By definition, antibodies bind to specific antigens. In the case of an antibody which fights viruses, the antigen is a specific viral protein. Antibodies bind the HA, the important receptor-binding protein of the influenza virus, blocking it so it can't infect other cells. Another group of antibodies bind to the NA of the virion and may prevent the spread of further infection. Meanwhile, the cells that were originally infected are "cured" by other less well understood means. (Interferon plays a role.) The most important thing about your antibodies is that once your immune system learns how to make them, they will be there to fight off the next infection by that virus.
Does that mean I'll only get the flu once?
Yes and no. Your antibodies will protect you from that one specific strain of influenza, but there are many other strains. If you are infected with a strain that has slightly different receptor-binding proteins, your antibodies won't recognize them. Each group of antibodies you make is specific to a single virus strain.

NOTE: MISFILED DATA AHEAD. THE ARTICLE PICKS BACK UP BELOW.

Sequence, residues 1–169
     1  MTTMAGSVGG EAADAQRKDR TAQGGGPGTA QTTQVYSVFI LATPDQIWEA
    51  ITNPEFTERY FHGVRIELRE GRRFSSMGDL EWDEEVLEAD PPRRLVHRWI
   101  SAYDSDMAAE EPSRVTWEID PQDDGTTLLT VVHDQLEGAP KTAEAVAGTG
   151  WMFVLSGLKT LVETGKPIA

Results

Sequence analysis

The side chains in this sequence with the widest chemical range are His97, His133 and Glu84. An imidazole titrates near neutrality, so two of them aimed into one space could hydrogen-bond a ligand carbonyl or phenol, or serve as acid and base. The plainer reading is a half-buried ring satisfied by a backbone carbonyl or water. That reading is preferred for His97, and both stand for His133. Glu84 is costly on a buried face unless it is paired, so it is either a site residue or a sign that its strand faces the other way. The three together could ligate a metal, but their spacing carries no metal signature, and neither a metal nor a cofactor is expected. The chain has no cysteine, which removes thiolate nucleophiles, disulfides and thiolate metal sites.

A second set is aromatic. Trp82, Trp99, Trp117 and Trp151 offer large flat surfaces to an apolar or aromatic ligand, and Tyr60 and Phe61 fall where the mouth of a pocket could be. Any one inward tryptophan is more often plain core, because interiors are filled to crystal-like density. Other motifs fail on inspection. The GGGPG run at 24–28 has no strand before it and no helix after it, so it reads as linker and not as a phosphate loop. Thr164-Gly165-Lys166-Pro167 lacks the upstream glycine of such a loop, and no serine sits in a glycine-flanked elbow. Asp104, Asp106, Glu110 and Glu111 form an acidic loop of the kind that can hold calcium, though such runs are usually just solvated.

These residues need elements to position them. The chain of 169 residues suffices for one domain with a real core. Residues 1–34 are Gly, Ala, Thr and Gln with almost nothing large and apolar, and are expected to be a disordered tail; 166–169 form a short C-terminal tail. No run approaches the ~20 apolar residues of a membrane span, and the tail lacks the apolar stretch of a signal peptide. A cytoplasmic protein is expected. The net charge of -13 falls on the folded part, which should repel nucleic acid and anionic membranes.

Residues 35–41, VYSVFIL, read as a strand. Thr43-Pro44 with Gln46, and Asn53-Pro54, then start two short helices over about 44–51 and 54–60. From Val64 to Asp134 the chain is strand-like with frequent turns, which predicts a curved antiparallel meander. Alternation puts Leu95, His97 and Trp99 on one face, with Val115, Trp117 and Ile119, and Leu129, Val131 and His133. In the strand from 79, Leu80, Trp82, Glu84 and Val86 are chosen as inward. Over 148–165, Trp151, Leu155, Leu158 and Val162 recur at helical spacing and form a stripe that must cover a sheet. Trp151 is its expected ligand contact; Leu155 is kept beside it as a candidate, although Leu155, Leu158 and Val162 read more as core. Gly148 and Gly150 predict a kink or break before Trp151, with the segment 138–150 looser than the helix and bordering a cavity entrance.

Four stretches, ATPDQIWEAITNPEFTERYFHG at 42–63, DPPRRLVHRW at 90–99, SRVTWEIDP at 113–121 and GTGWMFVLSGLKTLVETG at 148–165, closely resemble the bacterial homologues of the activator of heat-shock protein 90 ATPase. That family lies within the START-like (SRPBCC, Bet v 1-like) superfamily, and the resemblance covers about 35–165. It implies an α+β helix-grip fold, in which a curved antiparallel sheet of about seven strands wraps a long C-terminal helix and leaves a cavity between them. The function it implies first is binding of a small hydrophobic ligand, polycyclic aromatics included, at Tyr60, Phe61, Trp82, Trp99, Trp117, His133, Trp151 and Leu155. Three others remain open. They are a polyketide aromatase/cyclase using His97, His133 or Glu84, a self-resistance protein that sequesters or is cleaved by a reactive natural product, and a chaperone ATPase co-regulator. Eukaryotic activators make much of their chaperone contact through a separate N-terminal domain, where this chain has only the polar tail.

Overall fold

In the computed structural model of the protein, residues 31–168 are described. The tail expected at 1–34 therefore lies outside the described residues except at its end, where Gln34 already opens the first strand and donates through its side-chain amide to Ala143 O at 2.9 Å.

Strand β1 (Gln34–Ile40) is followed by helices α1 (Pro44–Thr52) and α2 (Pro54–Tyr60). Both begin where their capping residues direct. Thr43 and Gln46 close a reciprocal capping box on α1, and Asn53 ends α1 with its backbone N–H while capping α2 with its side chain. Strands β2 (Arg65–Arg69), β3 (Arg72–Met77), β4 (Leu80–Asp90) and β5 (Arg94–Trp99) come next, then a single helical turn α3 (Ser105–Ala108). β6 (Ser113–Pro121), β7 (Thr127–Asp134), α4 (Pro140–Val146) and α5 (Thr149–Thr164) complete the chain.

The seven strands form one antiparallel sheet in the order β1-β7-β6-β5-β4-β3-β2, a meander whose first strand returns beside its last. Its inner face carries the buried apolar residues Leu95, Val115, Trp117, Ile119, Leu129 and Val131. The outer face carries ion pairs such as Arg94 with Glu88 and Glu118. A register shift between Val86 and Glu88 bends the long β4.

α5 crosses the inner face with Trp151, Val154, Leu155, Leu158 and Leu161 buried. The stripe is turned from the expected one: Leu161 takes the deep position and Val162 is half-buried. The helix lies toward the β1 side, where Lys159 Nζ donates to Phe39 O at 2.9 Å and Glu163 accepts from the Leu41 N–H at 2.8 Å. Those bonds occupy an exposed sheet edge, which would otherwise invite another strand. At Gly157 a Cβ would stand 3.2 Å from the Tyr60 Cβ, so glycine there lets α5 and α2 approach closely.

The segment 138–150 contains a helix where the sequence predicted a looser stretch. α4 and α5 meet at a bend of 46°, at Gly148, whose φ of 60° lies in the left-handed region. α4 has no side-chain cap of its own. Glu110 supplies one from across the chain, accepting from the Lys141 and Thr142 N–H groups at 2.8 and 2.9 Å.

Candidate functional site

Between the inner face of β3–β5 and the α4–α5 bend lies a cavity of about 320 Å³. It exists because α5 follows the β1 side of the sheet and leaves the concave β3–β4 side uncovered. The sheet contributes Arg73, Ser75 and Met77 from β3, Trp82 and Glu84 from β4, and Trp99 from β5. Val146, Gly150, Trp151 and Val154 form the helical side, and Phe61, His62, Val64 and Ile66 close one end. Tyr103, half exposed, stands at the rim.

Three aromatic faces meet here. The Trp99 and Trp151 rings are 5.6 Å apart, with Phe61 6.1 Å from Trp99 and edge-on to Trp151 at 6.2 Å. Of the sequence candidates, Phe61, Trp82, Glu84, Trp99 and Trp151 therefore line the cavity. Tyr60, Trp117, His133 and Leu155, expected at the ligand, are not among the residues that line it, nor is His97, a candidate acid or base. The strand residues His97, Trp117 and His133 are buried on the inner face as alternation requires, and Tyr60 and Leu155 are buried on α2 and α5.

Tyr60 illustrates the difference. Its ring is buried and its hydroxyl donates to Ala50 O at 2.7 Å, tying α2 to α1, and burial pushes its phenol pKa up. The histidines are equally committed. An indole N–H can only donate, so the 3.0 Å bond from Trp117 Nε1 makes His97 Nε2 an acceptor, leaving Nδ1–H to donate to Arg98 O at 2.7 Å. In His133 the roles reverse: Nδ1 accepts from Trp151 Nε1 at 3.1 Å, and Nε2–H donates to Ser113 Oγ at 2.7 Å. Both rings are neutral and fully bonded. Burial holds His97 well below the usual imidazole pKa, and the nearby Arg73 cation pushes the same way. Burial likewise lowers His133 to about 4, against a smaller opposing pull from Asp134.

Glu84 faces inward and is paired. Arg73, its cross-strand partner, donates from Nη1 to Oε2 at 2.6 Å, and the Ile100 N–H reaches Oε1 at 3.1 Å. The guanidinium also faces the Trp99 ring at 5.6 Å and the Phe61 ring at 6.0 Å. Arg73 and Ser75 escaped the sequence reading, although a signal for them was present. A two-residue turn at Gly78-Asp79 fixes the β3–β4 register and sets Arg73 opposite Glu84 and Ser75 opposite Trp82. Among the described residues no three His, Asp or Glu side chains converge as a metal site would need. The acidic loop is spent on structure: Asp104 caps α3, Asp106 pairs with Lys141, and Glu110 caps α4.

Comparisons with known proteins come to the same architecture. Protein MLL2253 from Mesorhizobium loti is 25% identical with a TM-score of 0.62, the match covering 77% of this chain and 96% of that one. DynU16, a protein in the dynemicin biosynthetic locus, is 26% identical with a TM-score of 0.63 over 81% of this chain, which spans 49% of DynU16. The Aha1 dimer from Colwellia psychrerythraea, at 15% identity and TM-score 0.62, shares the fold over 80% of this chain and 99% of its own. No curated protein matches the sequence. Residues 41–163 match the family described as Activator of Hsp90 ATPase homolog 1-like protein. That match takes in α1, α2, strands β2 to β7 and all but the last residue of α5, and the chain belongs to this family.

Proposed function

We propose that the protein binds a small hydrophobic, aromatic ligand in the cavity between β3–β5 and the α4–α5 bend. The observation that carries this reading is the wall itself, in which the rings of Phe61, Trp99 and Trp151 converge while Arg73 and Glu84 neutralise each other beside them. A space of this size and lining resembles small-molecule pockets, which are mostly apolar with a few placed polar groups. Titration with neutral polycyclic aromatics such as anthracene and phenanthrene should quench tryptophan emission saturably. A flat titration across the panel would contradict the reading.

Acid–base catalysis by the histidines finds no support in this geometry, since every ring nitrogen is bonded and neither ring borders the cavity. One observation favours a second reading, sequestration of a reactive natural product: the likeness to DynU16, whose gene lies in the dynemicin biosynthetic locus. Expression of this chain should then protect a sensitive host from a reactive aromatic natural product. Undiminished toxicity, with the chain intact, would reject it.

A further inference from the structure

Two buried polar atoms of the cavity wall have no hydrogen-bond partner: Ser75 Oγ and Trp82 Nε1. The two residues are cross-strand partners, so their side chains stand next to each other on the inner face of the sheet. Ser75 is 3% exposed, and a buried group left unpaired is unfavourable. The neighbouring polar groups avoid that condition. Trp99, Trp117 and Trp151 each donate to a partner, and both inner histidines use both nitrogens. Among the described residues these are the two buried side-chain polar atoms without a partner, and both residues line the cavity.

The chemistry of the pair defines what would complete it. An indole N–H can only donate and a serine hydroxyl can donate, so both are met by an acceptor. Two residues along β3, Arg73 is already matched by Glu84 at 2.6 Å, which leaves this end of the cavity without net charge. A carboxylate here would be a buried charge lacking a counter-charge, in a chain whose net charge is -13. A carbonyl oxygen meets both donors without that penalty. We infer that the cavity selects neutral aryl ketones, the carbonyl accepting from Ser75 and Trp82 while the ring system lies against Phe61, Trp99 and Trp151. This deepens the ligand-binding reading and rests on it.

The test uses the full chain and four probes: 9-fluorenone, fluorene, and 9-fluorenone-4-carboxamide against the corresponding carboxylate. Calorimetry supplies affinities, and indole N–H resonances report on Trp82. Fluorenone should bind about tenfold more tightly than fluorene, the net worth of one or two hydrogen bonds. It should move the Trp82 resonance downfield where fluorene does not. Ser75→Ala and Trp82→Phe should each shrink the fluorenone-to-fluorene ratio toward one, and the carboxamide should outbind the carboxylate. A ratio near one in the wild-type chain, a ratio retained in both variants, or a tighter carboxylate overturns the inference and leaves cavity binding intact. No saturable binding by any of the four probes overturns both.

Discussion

|If a different strain of influenza gets into your lungs, your old antibodies will not bind it correctly because the shape of a virus' receptor-binding proteins is NOT the same from one strain to another. So, that NEW strain will go about establishing a new infection with all those horrible symptoms. Your immune system will eventually create a NEW group of antibodies to fight the new strain. Once you've recovered you will be protected from that new strain, but not the NEXT NEW strain! And so it goes on throughout our lives.
So, your immune system will protect you from becoming reinfected with the same virus (from, say a family member who caught it from you in the first place), but you will not be protected from a new strain.
How do new strains come about?